Sealants are also very easy to apply, often skipping the requirement to dry before removal allowing for a true wipe on wipe off experience. This saves a great deal of time.
Some sealants advertise UV blocking as well. I’ve yet to find a sealant with any meaningful UV blocking regardless of the claims. Your car’s clear coat does a marvelous job of this on its own. Use sealants to help protect your clear coat. This one two punch will ensure the paint below lasts for years.
Sealants prevent contaminants from sticking to your paint. This keeps your paint cleaner and makes it easier to wash, reducing the risk of scratches or marring.
Sealants also prevent water and other liquid fallout from etching your paint.
Lastly, a good sealant helps shed water after rinsing reducing the amount of drying you need to do. The less you have to touch your paint with a drying towel the less of chance there is of accidentally scratching it.
What are the Drawbacks of a Sealant?
Some will argue that sealants don’t look quite as nice as carnauba waxes. This may have been true years ago but today it would be hard for the average person to tell the difference, especially on a light colored car. On darker cars there is still some truth to that statement.
For some people, just knowing that there is a difference whether they can see it or not is enough for them to continue using wax. For those people I recommend using a sealant for the base layer of protection and then topping it with a nice carnauba wax for appearance. Win win.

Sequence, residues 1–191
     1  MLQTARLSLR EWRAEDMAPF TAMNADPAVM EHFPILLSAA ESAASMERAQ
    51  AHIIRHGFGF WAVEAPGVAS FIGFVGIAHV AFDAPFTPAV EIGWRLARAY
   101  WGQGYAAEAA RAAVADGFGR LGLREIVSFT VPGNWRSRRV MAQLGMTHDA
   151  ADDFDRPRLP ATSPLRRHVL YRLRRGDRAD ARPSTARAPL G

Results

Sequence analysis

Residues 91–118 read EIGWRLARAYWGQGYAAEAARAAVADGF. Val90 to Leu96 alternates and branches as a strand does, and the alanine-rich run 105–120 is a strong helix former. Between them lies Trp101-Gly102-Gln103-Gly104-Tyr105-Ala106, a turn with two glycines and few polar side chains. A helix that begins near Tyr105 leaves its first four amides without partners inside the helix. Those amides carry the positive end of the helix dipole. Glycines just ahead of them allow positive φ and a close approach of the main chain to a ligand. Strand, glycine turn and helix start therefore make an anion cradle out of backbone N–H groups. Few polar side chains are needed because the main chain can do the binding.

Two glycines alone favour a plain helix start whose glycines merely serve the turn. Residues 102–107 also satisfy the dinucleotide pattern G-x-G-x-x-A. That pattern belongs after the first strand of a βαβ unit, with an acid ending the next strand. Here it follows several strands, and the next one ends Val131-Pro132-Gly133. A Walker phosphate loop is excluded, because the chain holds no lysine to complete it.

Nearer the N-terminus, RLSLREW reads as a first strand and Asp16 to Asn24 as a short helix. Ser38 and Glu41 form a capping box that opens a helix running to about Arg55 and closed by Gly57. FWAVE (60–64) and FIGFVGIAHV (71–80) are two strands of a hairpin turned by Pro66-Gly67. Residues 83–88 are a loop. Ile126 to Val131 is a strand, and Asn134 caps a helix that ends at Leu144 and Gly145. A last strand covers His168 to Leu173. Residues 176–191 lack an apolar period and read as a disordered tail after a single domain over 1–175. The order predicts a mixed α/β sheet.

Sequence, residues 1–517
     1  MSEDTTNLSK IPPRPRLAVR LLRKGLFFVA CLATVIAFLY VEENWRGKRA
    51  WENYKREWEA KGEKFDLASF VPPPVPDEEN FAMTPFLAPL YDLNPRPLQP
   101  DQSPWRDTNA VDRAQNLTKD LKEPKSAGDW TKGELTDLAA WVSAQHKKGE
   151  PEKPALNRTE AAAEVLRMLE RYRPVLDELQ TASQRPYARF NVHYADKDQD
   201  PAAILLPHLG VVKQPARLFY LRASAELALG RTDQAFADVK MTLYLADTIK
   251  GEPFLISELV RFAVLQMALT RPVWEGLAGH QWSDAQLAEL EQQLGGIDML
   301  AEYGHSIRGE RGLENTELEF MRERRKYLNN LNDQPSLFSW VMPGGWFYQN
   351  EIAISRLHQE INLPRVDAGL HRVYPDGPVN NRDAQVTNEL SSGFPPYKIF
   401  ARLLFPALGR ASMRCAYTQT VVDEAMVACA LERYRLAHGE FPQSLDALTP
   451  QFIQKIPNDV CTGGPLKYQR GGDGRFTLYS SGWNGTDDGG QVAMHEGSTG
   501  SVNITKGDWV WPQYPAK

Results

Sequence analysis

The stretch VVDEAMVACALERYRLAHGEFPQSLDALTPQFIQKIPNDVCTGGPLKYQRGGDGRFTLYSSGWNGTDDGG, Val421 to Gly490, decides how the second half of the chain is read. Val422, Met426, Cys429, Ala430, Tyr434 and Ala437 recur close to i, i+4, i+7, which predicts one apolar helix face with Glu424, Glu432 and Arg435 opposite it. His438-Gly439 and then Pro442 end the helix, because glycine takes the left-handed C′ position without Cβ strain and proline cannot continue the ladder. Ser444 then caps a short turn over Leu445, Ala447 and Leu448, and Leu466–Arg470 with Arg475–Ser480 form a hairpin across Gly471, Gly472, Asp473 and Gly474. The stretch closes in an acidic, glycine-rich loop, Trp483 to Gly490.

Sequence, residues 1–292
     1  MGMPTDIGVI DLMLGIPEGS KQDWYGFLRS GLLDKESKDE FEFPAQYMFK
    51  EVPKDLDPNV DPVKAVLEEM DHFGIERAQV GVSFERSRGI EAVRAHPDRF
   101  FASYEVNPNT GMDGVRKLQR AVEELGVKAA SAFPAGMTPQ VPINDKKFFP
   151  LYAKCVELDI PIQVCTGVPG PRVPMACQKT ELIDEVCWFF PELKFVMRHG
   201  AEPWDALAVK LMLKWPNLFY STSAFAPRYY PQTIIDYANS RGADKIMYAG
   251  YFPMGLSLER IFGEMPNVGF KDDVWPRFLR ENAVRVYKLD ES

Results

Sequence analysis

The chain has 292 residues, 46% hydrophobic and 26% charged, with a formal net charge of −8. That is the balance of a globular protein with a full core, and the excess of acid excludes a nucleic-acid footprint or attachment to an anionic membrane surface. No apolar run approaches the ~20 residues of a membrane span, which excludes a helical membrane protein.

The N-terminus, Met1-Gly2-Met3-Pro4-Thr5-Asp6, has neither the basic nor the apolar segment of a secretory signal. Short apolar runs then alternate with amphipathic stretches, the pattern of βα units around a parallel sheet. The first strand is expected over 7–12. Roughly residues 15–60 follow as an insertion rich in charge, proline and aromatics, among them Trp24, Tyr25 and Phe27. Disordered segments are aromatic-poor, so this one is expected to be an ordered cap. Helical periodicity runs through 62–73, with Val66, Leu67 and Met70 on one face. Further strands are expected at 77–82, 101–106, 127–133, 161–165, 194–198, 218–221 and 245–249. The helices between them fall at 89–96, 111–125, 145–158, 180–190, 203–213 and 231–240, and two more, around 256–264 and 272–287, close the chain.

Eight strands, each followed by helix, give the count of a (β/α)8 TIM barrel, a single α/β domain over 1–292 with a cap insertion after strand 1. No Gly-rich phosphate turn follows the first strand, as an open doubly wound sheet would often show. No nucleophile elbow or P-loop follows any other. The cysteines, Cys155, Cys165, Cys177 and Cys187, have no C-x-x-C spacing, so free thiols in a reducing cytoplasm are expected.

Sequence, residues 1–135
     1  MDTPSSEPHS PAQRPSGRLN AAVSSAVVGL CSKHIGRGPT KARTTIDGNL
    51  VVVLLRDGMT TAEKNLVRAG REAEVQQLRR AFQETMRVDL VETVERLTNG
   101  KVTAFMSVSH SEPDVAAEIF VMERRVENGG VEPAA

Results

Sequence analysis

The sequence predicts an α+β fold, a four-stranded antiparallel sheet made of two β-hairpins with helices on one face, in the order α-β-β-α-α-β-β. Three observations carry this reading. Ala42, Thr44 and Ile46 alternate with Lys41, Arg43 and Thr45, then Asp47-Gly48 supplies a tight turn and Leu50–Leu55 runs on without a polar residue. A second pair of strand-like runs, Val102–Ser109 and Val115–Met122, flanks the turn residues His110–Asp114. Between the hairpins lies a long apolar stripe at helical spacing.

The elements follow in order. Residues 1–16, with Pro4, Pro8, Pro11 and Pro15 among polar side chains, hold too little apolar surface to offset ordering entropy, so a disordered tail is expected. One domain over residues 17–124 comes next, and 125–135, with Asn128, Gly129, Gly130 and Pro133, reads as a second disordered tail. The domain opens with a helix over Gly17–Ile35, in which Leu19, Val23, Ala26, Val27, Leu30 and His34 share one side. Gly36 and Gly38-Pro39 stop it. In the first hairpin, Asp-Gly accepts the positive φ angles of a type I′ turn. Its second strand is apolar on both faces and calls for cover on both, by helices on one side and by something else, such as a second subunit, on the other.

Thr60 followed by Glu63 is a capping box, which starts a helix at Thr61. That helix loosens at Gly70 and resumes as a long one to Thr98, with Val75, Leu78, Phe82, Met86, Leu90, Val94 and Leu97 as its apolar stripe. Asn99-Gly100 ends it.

What Types of Sealants Exist?
Pure sealants vs cleaning sealants
There are two primary types of paint sealant. Pure paint sealers and cleaning sealers (sometimes called all-in-ones or AIOs). Sealers with cleaners in them are designed with solvents and abrasives to remove mild oxidation and very fine scratches for an all-in-one experience.
Sealants with cleaners are not recommended for paints, gel coats, or clear coats that have been compounded and polished already. It’s pointless to further abrade paint that is already perfect. In fact it’s a bad idea because you’re wearing away good paint for nothing!
Unfortunately sealants don’t often advertise the cleaning properties as obviously as waxes do. You’ll have to inspect the label or description of the sealer closely to make sure it’s not a cleaner if you don’t need it.
WOWO vs WOWA
Within the category of non-cleaning sealants there are two types of paint sealant, wipe on wipe off (wowo) and wipe on walk away (wowa).
Wipe on wipe off sealants are a lot like wax in that you squeeze some out onto an applicator, wipe it on the car, and then wipe it off with a soft microfiber towel. These sealants are easy to work with and affordable.
Wipe on walk away sealants are applied or buffed on and left on. There is no need to wipe them off. Since they dry clear and do not haze there is no fear of getting residue on trim panels or seals.
Temporary vs Semi-Permanent Coatings
Sealants can be either temporary (traditional WOWO) or semi-permanent.